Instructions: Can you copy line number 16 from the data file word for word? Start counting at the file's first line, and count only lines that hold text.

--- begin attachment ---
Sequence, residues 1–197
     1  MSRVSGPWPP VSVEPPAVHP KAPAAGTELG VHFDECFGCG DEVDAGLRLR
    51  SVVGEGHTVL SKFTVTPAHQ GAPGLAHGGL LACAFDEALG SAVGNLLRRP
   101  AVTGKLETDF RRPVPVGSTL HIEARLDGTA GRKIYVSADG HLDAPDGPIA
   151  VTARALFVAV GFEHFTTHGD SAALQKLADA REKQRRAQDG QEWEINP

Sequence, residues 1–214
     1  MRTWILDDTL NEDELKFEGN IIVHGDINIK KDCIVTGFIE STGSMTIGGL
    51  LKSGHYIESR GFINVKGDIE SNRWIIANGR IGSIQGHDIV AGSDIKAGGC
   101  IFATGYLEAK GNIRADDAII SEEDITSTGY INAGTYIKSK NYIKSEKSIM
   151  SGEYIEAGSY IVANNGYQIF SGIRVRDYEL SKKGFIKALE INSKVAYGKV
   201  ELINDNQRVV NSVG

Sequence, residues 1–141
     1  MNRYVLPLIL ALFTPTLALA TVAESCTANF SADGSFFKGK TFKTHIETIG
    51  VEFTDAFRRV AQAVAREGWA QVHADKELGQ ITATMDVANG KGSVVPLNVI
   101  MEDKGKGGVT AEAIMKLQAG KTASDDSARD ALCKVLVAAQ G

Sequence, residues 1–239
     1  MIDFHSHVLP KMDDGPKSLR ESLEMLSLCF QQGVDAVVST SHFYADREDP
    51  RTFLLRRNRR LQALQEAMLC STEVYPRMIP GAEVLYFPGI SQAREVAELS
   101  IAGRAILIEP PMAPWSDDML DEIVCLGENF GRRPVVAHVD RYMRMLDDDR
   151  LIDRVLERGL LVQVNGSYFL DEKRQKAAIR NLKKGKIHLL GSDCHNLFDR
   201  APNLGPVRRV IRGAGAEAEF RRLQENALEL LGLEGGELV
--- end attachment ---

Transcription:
Sequence, residues 1–239